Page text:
BANDAR SERI BEGAWAN – Despite naysayers, Wei Yi Lau has stayed true to her passion — she left her secure corporate job for the uncertainty of starting a business designing jewellery.
It started when the 28-year-old was still studying in Australia, enrolled in an art course at Curtin University. Her love for art spawned her interest in jewellery making. Since then, she began creating and experimenting with different designs to hone her skills.
However, upon completing her studies, she took a job at an insurance agency because she didn’t have enough resources to craft jewellery full-time.
“My parents wanted me to get a proper job and that’s when I thought I’d take the opportunity to gather capital [for the business] in the meantime.”
There was no stopping Wei from her true calling. Two years later, she left her corporate job to kick-start her dream and WYL Jewellery was born.
“Most of us don’t try to step out of our comfort zones because it’s exactly that; we don’t want to be uncomfortable. But I have always liked taking the route less travelled.”
She adds: “It was a dream come true especially since I always wanted to do this full time, it was only a question of when,” noting that she aims to create versatile contemporary pieces for women.
While new in the business world and facing many challenges along the way, the home-based designer says it took hard work, patience and dedication to get where she is today.
“There were a lot of naysayers in the beginning, especially since it’s such a niche market and the risks involved in straying from the tried and tested.”
What made starting the business difficult was caring about what others think, she shares.
“But at the end of the day, it’s your life to live, do what makes you happy,” she said, adding that she persevered because of her passion and love for the art.
With four collections out, the young designer has garnered a loyal following thanks to her unique and multi-functional pieces.
“I’ve received a lot of positive feedback about my designs so it’s very encouraging and keeps me going.”
“Frankly, I’ve not kept track of how much I’ve sold but I’m definitely not where I want to be yet. Some months are better than others. My income is unpredictable but I’m making enough to sustain myself.”
A labour of love
Wei says her pieces which are Asian influenced, can cost up to $500 depending on the intricacy of the design, adding that customised pieces can cost even more.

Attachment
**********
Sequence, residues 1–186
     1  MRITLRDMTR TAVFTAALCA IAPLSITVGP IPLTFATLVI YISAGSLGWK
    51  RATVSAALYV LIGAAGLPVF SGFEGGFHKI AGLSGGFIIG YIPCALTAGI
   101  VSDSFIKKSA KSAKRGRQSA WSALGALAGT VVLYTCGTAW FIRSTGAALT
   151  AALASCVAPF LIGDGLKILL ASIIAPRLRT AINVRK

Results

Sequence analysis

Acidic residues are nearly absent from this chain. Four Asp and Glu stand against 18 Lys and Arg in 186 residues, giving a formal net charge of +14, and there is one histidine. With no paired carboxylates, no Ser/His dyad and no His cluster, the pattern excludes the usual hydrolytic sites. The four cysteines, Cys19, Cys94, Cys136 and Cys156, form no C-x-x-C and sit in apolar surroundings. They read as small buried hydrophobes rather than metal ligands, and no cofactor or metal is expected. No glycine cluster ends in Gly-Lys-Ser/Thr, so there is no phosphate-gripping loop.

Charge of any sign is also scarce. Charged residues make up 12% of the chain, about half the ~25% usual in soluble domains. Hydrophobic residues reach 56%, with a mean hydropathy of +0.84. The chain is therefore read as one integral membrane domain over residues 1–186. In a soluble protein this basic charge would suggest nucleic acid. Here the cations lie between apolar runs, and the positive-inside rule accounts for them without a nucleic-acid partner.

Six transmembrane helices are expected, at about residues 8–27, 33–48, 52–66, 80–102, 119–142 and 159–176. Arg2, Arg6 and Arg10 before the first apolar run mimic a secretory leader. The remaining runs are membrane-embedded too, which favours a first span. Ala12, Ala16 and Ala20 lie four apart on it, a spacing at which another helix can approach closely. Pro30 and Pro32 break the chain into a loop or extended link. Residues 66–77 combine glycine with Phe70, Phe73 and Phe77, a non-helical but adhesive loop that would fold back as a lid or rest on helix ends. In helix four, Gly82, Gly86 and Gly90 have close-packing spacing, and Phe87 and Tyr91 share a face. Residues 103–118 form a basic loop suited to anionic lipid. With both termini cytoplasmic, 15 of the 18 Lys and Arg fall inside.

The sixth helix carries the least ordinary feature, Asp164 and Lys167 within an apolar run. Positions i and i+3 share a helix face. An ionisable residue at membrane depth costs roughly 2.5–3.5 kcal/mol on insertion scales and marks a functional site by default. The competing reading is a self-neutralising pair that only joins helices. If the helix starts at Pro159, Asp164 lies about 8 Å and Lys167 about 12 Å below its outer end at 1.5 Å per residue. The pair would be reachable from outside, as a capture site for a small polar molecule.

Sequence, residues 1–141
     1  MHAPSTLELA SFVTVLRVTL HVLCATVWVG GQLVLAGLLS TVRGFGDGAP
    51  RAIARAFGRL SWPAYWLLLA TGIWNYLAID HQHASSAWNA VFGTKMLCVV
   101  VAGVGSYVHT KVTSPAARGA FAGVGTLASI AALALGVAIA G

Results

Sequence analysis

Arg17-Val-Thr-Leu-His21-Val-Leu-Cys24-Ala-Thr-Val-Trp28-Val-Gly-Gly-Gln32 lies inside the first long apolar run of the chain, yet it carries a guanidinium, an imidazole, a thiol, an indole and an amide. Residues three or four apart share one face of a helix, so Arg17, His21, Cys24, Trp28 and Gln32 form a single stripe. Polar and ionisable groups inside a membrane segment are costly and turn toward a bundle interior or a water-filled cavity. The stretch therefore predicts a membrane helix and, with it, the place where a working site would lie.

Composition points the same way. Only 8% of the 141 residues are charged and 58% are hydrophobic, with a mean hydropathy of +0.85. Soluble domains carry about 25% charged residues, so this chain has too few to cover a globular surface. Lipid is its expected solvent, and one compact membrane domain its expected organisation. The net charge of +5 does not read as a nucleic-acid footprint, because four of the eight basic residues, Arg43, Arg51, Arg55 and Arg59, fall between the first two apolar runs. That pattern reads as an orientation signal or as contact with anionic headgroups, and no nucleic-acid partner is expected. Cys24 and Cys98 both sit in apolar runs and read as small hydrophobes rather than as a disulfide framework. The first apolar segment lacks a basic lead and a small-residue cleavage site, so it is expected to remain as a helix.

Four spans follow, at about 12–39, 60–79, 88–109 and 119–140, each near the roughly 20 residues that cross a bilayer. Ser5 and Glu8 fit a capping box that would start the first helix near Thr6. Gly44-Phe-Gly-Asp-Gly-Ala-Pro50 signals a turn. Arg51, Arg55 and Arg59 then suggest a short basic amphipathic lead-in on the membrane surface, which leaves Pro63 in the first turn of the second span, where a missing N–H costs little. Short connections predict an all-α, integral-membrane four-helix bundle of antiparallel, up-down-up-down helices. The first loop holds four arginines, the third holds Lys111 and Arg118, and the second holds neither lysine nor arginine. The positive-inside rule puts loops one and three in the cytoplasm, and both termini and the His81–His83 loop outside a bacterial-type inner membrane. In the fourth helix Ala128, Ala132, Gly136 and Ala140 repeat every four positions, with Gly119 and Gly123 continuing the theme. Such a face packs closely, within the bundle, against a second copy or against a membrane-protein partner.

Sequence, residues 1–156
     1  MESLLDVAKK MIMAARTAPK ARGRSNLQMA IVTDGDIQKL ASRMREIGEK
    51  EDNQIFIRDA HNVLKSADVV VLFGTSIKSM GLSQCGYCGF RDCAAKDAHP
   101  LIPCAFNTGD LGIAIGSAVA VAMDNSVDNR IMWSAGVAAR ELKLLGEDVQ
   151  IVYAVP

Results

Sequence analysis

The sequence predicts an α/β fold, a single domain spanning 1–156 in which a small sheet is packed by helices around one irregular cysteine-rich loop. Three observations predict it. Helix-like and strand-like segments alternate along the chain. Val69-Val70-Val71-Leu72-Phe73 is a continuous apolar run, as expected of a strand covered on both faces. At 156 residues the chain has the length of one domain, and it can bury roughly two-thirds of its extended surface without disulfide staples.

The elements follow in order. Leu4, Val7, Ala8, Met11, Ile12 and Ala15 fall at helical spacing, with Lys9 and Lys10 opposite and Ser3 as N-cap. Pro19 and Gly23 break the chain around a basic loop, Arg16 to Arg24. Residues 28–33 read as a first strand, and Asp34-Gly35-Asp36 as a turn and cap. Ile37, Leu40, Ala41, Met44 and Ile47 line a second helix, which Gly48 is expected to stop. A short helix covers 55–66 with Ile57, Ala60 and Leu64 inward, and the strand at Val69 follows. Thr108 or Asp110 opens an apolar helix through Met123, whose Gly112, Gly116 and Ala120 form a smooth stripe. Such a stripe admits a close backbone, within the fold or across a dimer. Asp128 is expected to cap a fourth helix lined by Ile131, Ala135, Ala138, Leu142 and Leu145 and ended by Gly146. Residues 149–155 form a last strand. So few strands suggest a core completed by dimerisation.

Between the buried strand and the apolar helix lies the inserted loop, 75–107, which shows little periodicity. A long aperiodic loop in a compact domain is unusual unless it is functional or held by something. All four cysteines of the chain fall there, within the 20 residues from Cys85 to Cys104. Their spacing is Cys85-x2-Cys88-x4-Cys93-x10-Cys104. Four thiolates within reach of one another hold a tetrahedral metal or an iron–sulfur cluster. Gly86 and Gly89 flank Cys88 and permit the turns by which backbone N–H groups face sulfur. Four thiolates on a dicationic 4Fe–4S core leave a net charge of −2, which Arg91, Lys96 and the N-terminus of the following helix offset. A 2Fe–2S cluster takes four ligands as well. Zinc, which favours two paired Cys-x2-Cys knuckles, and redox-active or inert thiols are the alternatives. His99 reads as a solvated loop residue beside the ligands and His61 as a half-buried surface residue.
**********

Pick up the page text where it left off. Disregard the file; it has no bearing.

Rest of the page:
Creating each piece requires meticulous attention to detail, designs are usually thought of while she’s crafting, and one small mistake can be unforgiving.
“It’s very hands on — no sketches, just fresh ideas flowing as I work on them. A lot of time and effort is put into every piece.”
Wei acquires her materials overseas and prefers to use sterling silver – durable and suitable for sensitive skin.
“Over time, [silver] does discolour and oxidise, however it can be cleaned and restored to its original colour.
“Mainstream products are made with cheaper materials such as copper and brass that are silver or gold plated. After awhile, these pieces will oxidise and cannot be cleaned, which means you have to throw them out.”
The designer also reuses her materials either to add to a certain piece or create a completely new design.
“To save on cost, I reuse my materials as they can all be melted together. After I complete a piece, I would collect any leftover silver dust.”
Wei recently launched her fourth collection, Dendritic, which was a collaboration with Sejalin, a premium electronics and furniture retailer. She created 22 exclusive pieces revolving around Dendritic Agate stones. The collaboration was part of the SENSES campaign that promotes creations of local entrepreneurs alongside international brands.
“This collection took longer to finish as I had to figure out ways to work around the stones but I am very happy with the outcome.” According to Wei, the collaboration provided her more exposure and inspired her to craft innovative pieces.
Currently working on her next collection, Wei hopes to see her brand expand overseas in the next few years.
“I took a risk going into such a niche market but I have worked really hard to make it succeed and the support I’ve been getting has been overwhelming.”
She has participated in several international trade shows in hopes of breaking into other markets. “The times I’ve participated in trade shows overseas, I’ve thankfully been able to breakeven.”
“Of course the ideal situation would be to profit but it’s a challenge when you have to deduct air fares, accommodation, booth rental and other miscellaneous expenses from your earnings,” she says.
Five years from now, Wei hopes to be the proud owner of a studio that welcomes a community of jewellers and aspiring jewellers.
“It would be a different case if my business was more established hence why I believe it’s important to join tradeshows; to get more exposure.”
“If you love what you do, believe in yourself and work hard, anything is possible.”